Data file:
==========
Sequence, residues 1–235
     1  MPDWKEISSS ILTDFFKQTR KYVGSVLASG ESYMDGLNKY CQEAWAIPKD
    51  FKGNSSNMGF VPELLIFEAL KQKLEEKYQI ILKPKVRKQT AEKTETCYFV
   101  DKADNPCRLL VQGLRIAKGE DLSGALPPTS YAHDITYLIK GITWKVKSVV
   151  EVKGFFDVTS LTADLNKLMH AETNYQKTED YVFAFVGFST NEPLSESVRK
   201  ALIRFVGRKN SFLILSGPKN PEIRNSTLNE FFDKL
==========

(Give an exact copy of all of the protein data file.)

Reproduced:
Sequence, residues 1–235
     1  MPDWKEISSS ILTDFFKQTR KYVGSVLASG ESYMDGLNKY CQEAWAIPKD
    51  FKGNSSNMGF VPELLIFEAL KQKLEEKYQI ILKPKVRKQT AEKTETCYFV
   101  DKADNPCRLL VQGLRIAKGE DLSGALPPTS YAHDITYLIK GITWKVKSVV
   151  EVKGFFDVTS LTADLNKLMH AETNYQKTED YVFAFVGFST NEPLSESVRK
   201  ALIRFVGRKN SFLILSGPKN PEIRNSTLNE FFDKL